by Maya Evans
The first day of snow is turning to slush as we pull up outside a Kuchi
refugee camp on the edge of Kabul. A small heard of goats dressed in old
jumpers graze on a skip of rubbish, our taxi driver pulls up over some
large puddles; I tiptoe out of the vehicle onto solid land. The refugee
camp is home to around 65 Kuchi nomadic families who have spent their
lives wandering the land with livestock.
The camp is set in the former Shah’s palace grounds, perhaps once the
grandest building in Kabul, the decrepit palace now stands alone on a
hill fort, dilapidated and riddled with bullet holes, a sad relic of a
The refugee camp is in a large walled off area which seems to be an
extension to the palace grounds. Ramshackle tents constructed from what
appears to be bits of rags, old sacking, old mats, juxtapose with the
breathtaking snow-capped mountain ranges of the Hindu Kush, more
synonomous with the pages of a National Geographic than a scene of
desperate poverty and deprivation.
The Kuchi are traditionally nomadic people who wander land from Pakistan
to Iran grazing cattle and gaining casual work. We hear that the Kuchi
are considered amongst the least respected group of people within
Afghanistan with tales of thievery and low living standards connected
with their image. It remindeds me of the widely held perceptions which
many Britons hold of the traveller community in the UK. Although the
Kuchi are technically Pashtun in ethnicity they are considered a group
apart and receive little to no alleigance from other Pashtuns.
As we walk into the camp we are greeted by a gaggle of young children
dressed in a patchwork of clothing styles: one small boy wearing a pair
of high-heeled women’s shoes wading through the mud, another boy in an
adult’s fleece top dangling around his knees, a girl in a leopard print
jacket over a traditional Afghan trouser suit.
We walk through a bit of the camp, past a group of women huddled under a
makeshift shelter, some wearing burkas, others wearing modern clothing
likely donated from a western source. The children follow us every step
of the way wanting to have their photos taken. The tents and shelters
are tightly packed together, there’s a cow tethered to a stick, some
chickens pecking the ground, the bright sun melts the snow from the day
before. The ground underfoot is a mixture of slush and mud.
It seems like the camp elders are trying to work out the best tent to
host us in. Eventually we were shown into a medium sized tent
constructed from hardy canvas material. The muddy floor is lined with
off-cuts of carpet and small rugs, I remove my shoes and step into the
tent which is large enough to stand up in. I walk to the back of the
tent and sit on the floor, the bits of carpet feel cold and damp. The
other delegates and some members from the Afghan Peace Volunteers also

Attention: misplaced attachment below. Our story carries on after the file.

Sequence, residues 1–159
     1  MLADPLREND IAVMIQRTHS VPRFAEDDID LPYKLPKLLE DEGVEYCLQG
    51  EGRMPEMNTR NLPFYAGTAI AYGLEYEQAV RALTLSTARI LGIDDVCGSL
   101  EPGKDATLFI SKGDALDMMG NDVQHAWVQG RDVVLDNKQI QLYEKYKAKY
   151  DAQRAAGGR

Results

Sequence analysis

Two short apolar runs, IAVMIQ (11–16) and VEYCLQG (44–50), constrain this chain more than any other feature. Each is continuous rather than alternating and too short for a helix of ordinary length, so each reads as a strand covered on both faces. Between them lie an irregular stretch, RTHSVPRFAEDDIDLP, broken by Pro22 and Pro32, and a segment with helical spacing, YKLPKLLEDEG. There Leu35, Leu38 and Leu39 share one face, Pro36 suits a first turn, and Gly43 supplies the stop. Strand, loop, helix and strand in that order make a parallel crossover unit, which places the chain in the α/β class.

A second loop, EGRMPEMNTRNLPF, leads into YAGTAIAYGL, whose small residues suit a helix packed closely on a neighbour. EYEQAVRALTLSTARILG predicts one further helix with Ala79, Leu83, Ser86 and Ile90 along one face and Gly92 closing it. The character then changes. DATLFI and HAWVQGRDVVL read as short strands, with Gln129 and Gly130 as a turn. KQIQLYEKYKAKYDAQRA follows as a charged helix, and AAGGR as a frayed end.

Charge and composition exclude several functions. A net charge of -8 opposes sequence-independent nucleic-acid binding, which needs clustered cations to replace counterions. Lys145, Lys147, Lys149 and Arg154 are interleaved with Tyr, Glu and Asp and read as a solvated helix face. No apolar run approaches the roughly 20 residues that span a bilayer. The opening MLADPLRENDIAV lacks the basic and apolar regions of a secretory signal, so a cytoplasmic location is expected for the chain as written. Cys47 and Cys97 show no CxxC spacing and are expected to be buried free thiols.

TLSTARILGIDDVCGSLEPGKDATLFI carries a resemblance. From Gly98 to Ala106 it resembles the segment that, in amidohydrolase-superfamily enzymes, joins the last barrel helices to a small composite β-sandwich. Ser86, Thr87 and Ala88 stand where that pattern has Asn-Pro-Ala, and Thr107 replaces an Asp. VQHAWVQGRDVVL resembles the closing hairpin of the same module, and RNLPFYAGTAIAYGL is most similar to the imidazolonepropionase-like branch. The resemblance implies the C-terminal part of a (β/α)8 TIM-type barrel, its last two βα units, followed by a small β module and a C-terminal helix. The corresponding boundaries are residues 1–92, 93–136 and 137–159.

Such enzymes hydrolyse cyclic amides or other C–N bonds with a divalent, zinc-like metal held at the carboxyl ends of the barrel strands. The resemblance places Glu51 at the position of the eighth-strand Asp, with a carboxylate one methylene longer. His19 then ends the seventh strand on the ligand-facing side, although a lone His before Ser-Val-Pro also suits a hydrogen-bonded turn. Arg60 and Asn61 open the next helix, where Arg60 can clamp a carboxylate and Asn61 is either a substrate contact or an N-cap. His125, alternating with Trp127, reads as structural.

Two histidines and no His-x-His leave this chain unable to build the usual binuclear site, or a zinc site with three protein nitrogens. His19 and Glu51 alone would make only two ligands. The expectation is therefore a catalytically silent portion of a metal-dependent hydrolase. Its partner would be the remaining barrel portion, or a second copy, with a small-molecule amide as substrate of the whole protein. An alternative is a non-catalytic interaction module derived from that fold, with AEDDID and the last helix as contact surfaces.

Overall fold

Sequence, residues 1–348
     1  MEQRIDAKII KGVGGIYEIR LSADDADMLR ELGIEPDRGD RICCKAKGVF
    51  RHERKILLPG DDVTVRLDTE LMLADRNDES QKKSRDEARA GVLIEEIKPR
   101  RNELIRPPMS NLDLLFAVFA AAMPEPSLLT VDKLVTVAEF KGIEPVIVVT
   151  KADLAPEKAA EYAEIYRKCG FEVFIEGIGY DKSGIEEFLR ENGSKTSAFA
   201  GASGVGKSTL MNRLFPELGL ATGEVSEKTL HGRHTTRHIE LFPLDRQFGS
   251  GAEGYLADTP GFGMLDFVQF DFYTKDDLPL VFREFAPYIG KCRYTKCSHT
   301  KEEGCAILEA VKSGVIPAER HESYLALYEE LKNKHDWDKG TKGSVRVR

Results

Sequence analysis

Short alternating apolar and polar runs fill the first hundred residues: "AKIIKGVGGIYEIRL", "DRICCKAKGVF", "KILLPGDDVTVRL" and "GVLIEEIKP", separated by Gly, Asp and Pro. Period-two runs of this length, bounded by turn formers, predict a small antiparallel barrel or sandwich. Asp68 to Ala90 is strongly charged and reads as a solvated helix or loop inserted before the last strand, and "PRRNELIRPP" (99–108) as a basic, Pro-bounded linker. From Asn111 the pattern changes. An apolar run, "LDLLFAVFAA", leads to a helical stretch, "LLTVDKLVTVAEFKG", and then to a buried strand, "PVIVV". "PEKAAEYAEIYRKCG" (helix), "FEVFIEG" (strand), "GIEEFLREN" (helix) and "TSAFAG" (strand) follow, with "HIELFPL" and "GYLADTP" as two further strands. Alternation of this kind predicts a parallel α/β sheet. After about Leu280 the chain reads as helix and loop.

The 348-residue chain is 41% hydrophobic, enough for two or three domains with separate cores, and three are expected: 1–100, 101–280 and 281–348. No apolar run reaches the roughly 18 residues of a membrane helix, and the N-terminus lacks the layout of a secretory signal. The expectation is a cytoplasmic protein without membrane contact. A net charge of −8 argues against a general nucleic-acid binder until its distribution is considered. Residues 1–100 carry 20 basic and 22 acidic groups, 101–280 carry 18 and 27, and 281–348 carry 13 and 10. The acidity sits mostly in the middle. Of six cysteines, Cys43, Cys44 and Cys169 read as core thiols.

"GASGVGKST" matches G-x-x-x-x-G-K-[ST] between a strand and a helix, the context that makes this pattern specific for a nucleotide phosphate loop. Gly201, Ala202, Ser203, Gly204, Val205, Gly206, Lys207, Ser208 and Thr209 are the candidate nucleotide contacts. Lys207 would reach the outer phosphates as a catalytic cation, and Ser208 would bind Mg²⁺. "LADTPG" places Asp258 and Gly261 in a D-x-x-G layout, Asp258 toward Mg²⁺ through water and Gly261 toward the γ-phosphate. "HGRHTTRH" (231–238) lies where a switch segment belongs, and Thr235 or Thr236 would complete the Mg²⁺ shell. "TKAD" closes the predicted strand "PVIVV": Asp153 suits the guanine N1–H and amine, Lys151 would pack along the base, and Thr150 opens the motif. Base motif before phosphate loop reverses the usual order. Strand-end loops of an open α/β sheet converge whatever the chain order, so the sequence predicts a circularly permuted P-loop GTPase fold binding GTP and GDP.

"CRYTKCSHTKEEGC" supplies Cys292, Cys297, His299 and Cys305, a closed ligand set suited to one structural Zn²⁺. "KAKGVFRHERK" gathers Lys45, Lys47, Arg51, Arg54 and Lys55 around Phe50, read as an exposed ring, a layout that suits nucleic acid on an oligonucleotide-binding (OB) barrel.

enter the tent and we are introduced to Frida, a female elder of the
camp who explains she’s received training from the Ministry of Public
Health to teach other women about hygiene, she holds up a badge in a
plastic sleeve. Frida is immediately striking, perhaps in her 50’s, her
weathered face set with deep expressive wrinkles seems to exude strength
and wisdom. Her eyes are intense and you somehow know she has seen and
done much in her hard life.
We learn that the camp has been there for 4 years, that the land belongs
to the Government and the refugees live with the fear of being told to
leave at any point… some sort of military helicopter flies overhead
and drowns out Frida’s voice for a few seconds.
Frida explains that they were in Pakistan until the UNHCR told them to
return to Afghanistan and they would receive help. She tells us that so
far they have received none of that promised help.
Her voice is emotional as she explains (via an interpreter): ”Guests
are like the light of our lives, we are unable to have our needs heard
by leaders such as Karzai- why as president can’t he find a way to look
after his people.”
She explains that a man standing just outside the tent had to bury his 2
dead children in the street as the Government refused to give them a
plot for their dead.
Frida goes on: ”If we can’t bury our dead we may as well not live”.
A man who is sat in the doorway wrapped in a classic Afghan blanket
wearing a traditional Pashtoon hat explains his feelings: ”We are all
trampled upon, no one will speak up for us or talk about our concerns,
aren’t we born here, don’t we belong to this land?”
We learn that all the men are unemployed, unable to find work, the
children don’t go to school. Apparently there is a German NGO who
provide some basic medicines but beyond that they can not get treatment
for proper medical help.
An older man also sat inside the tent, perhaps Frida’s husband, is asked
for his opinion: ”There are so many problems I don’t know where to
start, I’m an old man but I want to work, but I can only tie up donkeys,
maybe if I had a few sheep it might be a way I could get by. The tents
sometimes get so cold that we prefer to sleep outside.”
I ask if there is a message to send the people in Britain, he replies:
”If the people of Britain could do what they can to help us get through
the cold of winter, we are without work or necessities to get by, even
if you can’t help us, we are grateful for you hearing this message.”
I personally would like to add to his message.
The people of Britain should be speaking out against our own Government who have been central in installing the current corrupt Afghan Government who care very little for the welfare of its people. Our Government has been and continues to be central to the ongoing war which is stopping innocent people from living a life with basic human rights standards. The situation for the
350,000 internally displaced Afghans currently in the country is a
symptom of a much bigger issue: it’s not working, and it will never work while Governments such as ours continue to prop up and maintain
corruption and inequality.